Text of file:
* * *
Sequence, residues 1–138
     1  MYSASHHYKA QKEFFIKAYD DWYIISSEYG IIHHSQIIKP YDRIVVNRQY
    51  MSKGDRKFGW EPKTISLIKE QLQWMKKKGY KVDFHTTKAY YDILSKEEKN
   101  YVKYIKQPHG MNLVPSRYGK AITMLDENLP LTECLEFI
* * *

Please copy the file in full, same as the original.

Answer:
Sequence, residues 1–138
     1  MYSASHHYKA QKEFFIKAYD DWYIISSEYG IIHHSQIIKP YDRIVVNRQY
    51  MSKGDRKFGW EPKTISLIKE QLQWMKKKGY KVDFHTTKAY YDILSKEEKN
   101  YVKYIKQPHG MNLVPSRYGK AITMLDENLP LTECLEFI